January 14, 2013
Contact: Brian McNeal
Phone Number: (571) 362-1498
Thirteen Heroin Traffickers Indicted In Northern Ohio
CLEVELAND - A federal grand jury returned a 42-count indictment against 13 people who are accused of participating in a large-scale heroin trafficking ring in the Ashtabula areas and resulted in the overdose death of an Ashtabula resident last year.
The unsealing of the indictment was announced today by Steven M. Dettelbach, United States Attorney for the Northern District of Ohio, Robert L. Corso, Special Agent in Charge of the U.S. Drug Enforcement (DEA), Stephen D. Anthony, Special Agent in Charge of the Federal Bureau of Investigation, and William Johnson, Ashtabula County Sheriff.
The indicted individuals are:
Count 1 of the indictment charges the defendants with conspiracy to distribute more than a kilogram of heroin, a Schedule I controlled substance.
Count 2 of the indictment charges Sherord Miller and Shaunci Osborne with conspiracy to engage in money laundering, based on their use of a bank safe deposit box to store and conceal profits from the sale of heroin.
Count 3 of the indictment charges Rayshawn Reed with knowingly and intentionally possessing with intent to distribute approximately 171 grams of heroin.
Count 4 of the indictment charges Reginald Bryant with felon-in-possession of a firearm.
Counts 5-42 of the indictment charge each defendant with using a communications (a telephone) to facilitate a drug trafficking offense.
“This group is accused of bringing piles of heroin into Ashtabula, which directly resulted in the death of a young woman,” Dettelbach said.“Heroin abuse in Ohio and across the country is on the rise, and it is directly responsible for hundreds of overdose deaths every year,” Corso said. “This indictment illustrates that the DEA and our law enforcement partners will continue to aggressively target those individuals that choose to sell heroin in our communities, with total disregard for human life.”
Law enforcement personnel seized heroin, firearms and more than $320,000 in U.S. currency during the year-long investigation. The indictment also seeks the forfeiture of five vehicles used as part of the conspiracy: a 2004 Chevrolet Suburban, a 2004 Cadillac CTS, a 2002 Cadillac Escalade, a 2004 BMW 745Li and a 1976 Oldsmobile Cutlass.
The indictment alleges that from March 2012 to August 15, 2012, defendant Rayshawn Reed arranged for multiple kilogram quantities of heroin to be brought into Northeast Ohio from the Chicago area.
The heroin was then distributed to co-conspirators in Ashtabula, including Sherord Miller and Jamarce Miller. Sherord Miller and Jamarce Miller then resold the heroin to other co-conspirators, including defendants Amanda Loving, Isaac Hawkins, Louis Snyder, James Robinson, Tricia Lewis, Joey Schmeisser, and Kevin Fridrich, and to heroin users. Defendants Shaunci Osborne and Laketha Harris helped Sherord Miller sell and distribute heroin, and that Reginald Bryant furnished heroin to the co-conspirators during periods when shortages occurred, according to the indictment.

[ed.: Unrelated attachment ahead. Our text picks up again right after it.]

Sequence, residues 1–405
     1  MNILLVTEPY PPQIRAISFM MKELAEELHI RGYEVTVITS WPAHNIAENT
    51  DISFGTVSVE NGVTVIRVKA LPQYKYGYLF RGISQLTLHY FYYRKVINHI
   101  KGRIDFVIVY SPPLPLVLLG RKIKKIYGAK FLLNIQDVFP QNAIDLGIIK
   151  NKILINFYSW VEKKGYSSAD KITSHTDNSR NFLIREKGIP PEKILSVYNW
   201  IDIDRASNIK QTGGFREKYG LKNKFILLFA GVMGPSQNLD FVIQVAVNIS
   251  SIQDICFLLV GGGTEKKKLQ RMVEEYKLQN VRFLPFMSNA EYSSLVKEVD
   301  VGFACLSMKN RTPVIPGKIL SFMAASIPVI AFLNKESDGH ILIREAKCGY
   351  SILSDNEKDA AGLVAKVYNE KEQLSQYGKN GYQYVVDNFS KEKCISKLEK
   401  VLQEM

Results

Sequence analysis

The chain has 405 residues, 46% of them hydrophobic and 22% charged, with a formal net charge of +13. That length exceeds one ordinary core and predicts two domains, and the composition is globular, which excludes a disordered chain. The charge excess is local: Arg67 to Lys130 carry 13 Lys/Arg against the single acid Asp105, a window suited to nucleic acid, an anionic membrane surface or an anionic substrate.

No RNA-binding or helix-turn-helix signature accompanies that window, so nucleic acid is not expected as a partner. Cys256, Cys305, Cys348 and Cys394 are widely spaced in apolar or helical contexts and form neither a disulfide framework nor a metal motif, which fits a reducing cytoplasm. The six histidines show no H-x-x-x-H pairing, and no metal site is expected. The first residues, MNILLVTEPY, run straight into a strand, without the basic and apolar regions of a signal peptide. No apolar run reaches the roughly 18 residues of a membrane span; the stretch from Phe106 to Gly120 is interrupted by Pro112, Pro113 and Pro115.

The indictment further alleges that heroin from the conspiracy which had been distributed by Jamarce Miller resulted in the fatal heroin overdose of an Ashtabula-area resident on or about July 7, 2012.
If convicted, the defendants’ sentences will be determined by the court after review of factors unique to this case, including the defendants’ prior criminal records, if any, their role in the offenses, and the characteristics of the violations. In all cases the sentences will not exceed the statutory maximum and, in most cases, it will be less than the maximum.
This case is being prosecuted by Assistant United States Attorneys Joseph P. Schmitz and Vasile C. Katsaros following a one-year investigation. It was conducted by agents of the U.S. Drug Enforcement Administration and the Federal Bureau of Investigation, with assistance from the Ashtabula County Sheriff’s Office, the Ashtabula Police Department, the Trumbull/Ashtabula Group Task (TAG), the Ohio Bureau of Criminal Identification and (BCI), the Cuyahoga County Sheriff’s Office and the Ohio State Highway Patrol.
An indictment is only is only a charge and is not evidence of guilt. A defendant is entitled to a fair trial in which it will be the government’s burden to prove guilt beyond a reasonable doubt.